Saturday, September 28, 2019

Hammer Time

“It’s better to be the hammer than the anvil.” – Emily Dickinson

Where's My Hammer by Dee Dixon

It’s always cause for celebration when a new puzzle box artist emerges in the world. Boise, Idaho’s metropolitan area is known as the “Treasure Valley”, and now there’s one more reason for the name. Dee Dixon is a truck supervisor at an excavation company and has a small workshop in his garage where he creates his beautiful boxes. He started out making small keepsake boxes and other items over the past few years. He also made puzzle boxes and gave them as gifts until recently, when his wife Denise encouraged him to put some up for sale. His boxes are all made from beautiful exotic hardwoods and feature elegant little details that differ on each box. From the outside, most of his boxes look like lovely hand crafted keepsake boxes, and the unsuspecting puzzler might assume there is a simple, well known mechanism at play, maybe one of the handful of well-known and familiar devices. But Dee’s boxes are all different. He makes each one individually and each is unique. He will occasionally recreate a mechanism, or improve one, and has started to name his boxes accordingly (e.g. “Blinded” and “Blinded II”). If you manage to open one, you will be met with a complex collection of wood, metal and acrylic parts inside, with a range of fairly simple to devilishly complex devices in the style of sequential movement and sequential discovery puzzles.

A gorgeous mosaic of exotic wood details

“Where’s My Hammer” is one of Dee’s newest boxes, and one of his most striking. It features several types of hardwoods including leopard wood, sapele, tiger wood, black walnut, maple, and blood wood, arranged as a mosaic across the top and sides of the box. There are beautiful mitered corners with maple key accents. The box alone is a work of art, but the puzzling aspect makes it particularly appealing. This is a 7-step sequential discovery puzzle box, with well-hidden secrets and a clever combination of items to find and use to open it. Dee’s oldest son is one if his puzzle testers, who can usually open his boxes and suggest a difficulty rating. This box caused so much frustration that his son declared, “Where’s my hammer!” That endorsement alone ought to pique the interest of most of my readers. I don’t usually talk about my own personal solving experience, but in this case it’s a funny story. I was sure that I had solved the puzzle completely, and had some critiques on how to make it perfect. I sent them to Dee, and he politely suggested that I was on the right track. It turned out that the puzzle worked exactly as I had envisioned, I just hadn’t solved it yet. Where’s My Hammer is a fantastic puzzle box. It was then that I realized that Dee will be very popular, and very busy with orders. I suspect he’s just getting started with some great ideas.

The Hammer Highball

I’m toasting this brilliant box with a variation on the classic highball. The highball is a great example of how a few simple ingredients and a straightforward recipe can create something more than the sum of its parts. Whiskey and soda, a time honored working man’s drink that’s also the height of elegance and precision. The story, which any truly great cocktail must have, attributes the “invention” of the highball to Patrick Gavin Duffy, bartender at Manhattan’s Ashland House in the 1890’s. Putting whiskey, ice and soda (or ginger ale) together was not a thing people did back then, until then. A highball was a railroad term for the ball connected to a float inside a steam train’s water tank,that indicated when there was enough water in the tank for the train to head out. The conductor would signal the all clear with two short and one long blast on his horn. That’s the classic ratio in a highball – two short of whiskey, one long of soda. The highball faded from fashion in the US after a time, but was picked up by the Japanese, who refined it to a sharp point in the 1920’s when whiskey production began to take off in Japan. Like a tea ceremony, building a proper Japanese highball involves meticulous attention to details such as the glass, the ice, the temperature, even the number of times the drink is stirred.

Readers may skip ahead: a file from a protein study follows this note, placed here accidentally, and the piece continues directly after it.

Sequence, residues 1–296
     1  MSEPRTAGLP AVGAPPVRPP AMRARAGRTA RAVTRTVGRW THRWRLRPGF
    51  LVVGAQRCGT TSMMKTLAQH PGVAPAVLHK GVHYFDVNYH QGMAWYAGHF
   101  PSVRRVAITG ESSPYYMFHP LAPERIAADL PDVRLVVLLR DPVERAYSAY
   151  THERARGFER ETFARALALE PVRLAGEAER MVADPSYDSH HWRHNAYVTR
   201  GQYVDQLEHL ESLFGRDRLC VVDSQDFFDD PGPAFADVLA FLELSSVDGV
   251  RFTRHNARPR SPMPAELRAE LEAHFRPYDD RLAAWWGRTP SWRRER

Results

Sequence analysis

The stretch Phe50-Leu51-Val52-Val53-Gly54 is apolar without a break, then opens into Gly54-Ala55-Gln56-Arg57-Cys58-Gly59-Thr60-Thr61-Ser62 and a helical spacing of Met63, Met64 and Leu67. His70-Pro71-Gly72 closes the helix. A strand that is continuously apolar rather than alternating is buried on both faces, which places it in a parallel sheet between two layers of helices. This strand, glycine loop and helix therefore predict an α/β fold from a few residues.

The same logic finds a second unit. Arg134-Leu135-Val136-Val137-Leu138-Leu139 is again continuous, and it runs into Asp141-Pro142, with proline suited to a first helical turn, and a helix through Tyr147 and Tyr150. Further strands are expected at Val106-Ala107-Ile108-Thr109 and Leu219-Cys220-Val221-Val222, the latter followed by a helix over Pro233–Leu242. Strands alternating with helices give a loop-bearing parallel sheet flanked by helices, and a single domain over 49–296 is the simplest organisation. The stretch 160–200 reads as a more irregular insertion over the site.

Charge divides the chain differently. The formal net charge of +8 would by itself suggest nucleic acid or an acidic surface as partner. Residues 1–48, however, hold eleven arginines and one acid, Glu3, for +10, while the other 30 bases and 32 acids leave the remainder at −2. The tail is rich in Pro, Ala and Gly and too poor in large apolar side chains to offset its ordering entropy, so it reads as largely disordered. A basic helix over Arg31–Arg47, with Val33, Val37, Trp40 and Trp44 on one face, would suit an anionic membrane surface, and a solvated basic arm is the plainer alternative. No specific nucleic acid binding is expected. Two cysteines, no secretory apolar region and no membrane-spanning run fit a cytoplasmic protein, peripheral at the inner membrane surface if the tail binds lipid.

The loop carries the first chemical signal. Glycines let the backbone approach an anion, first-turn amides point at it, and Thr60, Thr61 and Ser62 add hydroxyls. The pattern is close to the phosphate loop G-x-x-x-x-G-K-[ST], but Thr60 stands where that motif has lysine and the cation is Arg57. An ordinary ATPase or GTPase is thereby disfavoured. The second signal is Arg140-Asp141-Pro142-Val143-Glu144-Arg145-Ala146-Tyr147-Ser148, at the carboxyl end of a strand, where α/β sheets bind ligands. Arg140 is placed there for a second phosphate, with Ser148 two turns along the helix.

The only Hammer you should use on this box

Highballs are back in fashion again. Modern day bartenders can argue all night long about the proper ingredients, ratios, and build technique in a good highball. They are a fantastic and refreshing way to enjoy a whiskey, or any other type of spirit, on a hot summer afternoon. I’ve created a warm and savory variation on the theme, to extend the pleasure of this long drink into the cooler months. This highball is built around the peaty single malt Lagavulin, an incredible scotch probably best enjoyed neat, but let’s make things interesting. To that end I’ve infused the scotch with some seriously decadent bacon using the standard fat-wash technique to create some smoky, bacon-y goodness. Maybe I’m just hamming around here, but it wouldn’t be the first time. It’s a damn fine drink to enjoy while looking around for a hammer to use on this puzzle box. Cheers!

The Hammer Highball

1-2 oz bacon infused Lagavulin (1 oz is modern, 2 oz is classic)
4 oz soda water
4 dashes celery bitters

Build ingredients over ice in a highball glass. Stir slowly 12 times for luck. If you want to be really pompous, stir the whiskey, bitters and ice first to chill then pour the soda water down the length of the stirring spoon.

For more information and to order Dee Dixon’s boxes see:

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